Communicated narrative sense-making theory: Linking storytelling and well-being

Jody Koenig Kellas

Research output: Chapter in Book/Report/Conference proceedingChapter

46 Scopus citations


Telling and hearing significant family stories can have lasting effects on those involved, often in the form of values, impressions, fears, lessons, and/or beliefs. Whether family stories are lasting may be an artifact of the way stories are told, when, where, and with whom. The content of messages and stories matters as does the process of storytelling. The meaning of storytelling content, along with the verbal and nonverbal tone, pace, warmth, engagement, coordination, humor, tension, hesitation, silences, sarcasm, touch, other-centeredness, responses, questions, and turn-taking, all create an environment in which the telling of stories can affect, reflect, foster, and/or inhibit connection, sense-making, and coping. Research on the content and process of family storytelling suggests links to mental, physical, and relational health, which in turn suggests interventionist opportunities for increasing sense-making, cohesion, and well-being. The significance of family storytelling is contextualized in the current chapter on communicated narrative sense-making (CNSM) theory, designed to synthesize and systematize the influence of storytelling content, process, and translation on individuals, families, and health.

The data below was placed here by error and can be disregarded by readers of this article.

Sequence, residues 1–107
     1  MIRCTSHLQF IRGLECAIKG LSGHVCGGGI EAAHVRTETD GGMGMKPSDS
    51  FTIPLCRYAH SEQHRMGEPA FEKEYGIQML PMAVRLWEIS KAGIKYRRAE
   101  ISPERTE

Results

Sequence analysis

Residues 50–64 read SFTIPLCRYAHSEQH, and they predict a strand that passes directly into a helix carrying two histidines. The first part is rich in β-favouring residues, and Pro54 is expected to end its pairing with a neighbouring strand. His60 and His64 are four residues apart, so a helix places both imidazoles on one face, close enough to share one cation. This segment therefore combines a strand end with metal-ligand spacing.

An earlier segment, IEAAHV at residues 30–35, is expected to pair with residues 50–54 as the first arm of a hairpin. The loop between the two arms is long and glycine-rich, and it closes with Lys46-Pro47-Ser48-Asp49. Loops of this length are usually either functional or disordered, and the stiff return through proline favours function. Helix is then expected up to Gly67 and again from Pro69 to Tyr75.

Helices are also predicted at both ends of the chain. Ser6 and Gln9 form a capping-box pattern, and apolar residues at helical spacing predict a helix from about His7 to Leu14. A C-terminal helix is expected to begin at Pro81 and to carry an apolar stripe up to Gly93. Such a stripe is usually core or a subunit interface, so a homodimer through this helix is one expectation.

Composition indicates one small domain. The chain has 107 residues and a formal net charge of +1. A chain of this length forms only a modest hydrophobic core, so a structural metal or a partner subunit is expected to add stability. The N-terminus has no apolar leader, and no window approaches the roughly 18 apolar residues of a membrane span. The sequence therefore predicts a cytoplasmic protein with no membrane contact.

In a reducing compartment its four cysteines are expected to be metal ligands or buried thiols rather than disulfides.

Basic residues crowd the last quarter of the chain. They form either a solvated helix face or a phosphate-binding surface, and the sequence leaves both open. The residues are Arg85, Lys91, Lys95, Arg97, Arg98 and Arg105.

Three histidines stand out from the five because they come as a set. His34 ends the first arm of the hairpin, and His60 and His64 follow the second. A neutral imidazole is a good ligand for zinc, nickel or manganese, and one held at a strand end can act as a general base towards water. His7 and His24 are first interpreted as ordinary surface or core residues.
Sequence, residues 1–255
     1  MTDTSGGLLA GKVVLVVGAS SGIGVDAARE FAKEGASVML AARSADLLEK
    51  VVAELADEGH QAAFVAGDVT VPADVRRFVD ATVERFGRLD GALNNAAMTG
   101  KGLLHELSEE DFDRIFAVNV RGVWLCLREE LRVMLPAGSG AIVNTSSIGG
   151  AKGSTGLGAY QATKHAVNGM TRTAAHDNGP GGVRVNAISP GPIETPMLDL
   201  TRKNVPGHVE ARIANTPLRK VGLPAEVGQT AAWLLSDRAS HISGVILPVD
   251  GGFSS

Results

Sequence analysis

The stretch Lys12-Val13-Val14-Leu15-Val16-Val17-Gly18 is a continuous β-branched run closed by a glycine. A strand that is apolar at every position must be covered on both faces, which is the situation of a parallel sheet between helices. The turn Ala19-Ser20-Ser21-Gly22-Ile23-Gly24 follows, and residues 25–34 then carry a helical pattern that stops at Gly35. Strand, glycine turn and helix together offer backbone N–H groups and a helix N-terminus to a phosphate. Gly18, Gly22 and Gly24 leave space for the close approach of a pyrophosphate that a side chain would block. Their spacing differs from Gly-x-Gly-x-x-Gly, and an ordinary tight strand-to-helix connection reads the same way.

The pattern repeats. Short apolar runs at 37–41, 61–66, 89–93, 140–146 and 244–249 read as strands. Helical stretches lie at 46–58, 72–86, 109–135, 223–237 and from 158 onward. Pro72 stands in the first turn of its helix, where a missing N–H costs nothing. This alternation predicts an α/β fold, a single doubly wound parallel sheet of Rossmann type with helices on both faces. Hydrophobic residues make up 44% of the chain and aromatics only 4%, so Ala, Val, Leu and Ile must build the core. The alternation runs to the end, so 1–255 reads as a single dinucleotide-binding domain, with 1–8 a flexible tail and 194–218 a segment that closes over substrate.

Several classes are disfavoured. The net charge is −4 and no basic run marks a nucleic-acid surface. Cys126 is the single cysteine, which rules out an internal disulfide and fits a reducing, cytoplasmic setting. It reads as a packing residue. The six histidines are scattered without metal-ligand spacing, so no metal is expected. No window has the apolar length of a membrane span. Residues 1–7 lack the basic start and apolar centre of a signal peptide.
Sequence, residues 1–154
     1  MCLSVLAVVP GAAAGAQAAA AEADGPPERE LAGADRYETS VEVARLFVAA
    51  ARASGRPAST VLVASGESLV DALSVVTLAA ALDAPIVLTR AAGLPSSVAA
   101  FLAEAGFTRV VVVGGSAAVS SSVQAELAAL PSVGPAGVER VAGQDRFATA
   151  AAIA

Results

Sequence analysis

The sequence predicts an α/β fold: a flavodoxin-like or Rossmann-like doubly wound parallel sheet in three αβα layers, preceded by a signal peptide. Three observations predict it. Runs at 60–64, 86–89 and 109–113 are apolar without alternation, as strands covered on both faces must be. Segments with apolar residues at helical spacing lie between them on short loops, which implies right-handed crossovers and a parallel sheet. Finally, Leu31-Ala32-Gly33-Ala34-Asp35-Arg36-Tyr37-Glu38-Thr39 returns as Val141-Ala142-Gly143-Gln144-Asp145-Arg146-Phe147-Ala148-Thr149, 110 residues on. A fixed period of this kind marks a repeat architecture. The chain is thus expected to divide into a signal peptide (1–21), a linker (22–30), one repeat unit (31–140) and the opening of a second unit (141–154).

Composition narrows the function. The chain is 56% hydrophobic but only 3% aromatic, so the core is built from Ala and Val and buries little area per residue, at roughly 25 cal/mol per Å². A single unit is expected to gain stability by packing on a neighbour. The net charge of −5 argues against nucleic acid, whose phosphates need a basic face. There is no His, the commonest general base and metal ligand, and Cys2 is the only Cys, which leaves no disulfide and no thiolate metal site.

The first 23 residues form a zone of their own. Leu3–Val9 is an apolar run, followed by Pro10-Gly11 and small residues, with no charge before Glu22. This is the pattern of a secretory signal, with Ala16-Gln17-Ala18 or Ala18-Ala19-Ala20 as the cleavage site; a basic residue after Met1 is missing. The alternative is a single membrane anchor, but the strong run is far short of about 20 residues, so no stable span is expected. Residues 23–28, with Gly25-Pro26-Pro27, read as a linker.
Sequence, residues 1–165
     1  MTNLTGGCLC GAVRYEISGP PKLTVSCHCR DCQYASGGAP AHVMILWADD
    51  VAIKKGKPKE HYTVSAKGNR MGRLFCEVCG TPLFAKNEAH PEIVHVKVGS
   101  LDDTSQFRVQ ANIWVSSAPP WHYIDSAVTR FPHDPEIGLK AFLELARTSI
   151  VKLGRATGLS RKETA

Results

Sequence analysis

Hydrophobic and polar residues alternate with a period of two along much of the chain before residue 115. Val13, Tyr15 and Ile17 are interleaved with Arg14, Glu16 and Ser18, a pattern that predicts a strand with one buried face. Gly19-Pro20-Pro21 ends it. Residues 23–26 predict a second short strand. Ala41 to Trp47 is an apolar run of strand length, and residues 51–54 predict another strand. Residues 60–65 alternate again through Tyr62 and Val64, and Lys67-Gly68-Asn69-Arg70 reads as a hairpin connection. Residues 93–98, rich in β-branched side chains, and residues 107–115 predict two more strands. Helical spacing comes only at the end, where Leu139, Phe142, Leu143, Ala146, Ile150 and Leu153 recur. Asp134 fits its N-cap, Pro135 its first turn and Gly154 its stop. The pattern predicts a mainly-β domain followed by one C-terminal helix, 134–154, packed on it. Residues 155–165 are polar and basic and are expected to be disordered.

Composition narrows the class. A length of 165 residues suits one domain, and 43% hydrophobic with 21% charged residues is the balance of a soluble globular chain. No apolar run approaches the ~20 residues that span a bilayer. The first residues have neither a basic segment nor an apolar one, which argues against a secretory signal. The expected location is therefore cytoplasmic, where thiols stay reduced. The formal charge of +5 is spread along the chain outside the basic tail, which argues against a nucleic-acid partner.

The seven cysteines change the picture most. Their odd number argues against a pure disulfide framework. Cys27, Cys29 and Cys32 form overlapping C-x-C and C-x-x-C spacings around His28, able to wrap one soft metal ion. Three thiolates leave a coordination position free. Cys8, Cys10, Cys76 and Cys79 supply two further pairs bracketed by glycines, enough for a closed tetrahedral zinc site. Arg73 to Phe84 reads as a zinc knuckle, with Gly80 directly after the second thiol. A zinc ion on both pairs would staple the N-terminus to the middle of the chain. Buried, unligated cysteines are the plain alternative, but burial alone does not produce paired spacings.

Original languageEnglish (US)
Title of host publicationEngaging Theories in Family Communication
Subtitle of host publicationMultiple Perspectives
PublisherTaylor and Francis
Number of pages13
ISBN (Electronic)9781351790680
ISBN (Print)9781138700932
StatePublished - Jan 1 2017

ASJC Scopus subject areas

  • Arts and Humanities(all)
  • Social Sciences(all)
  • Psychology(all)


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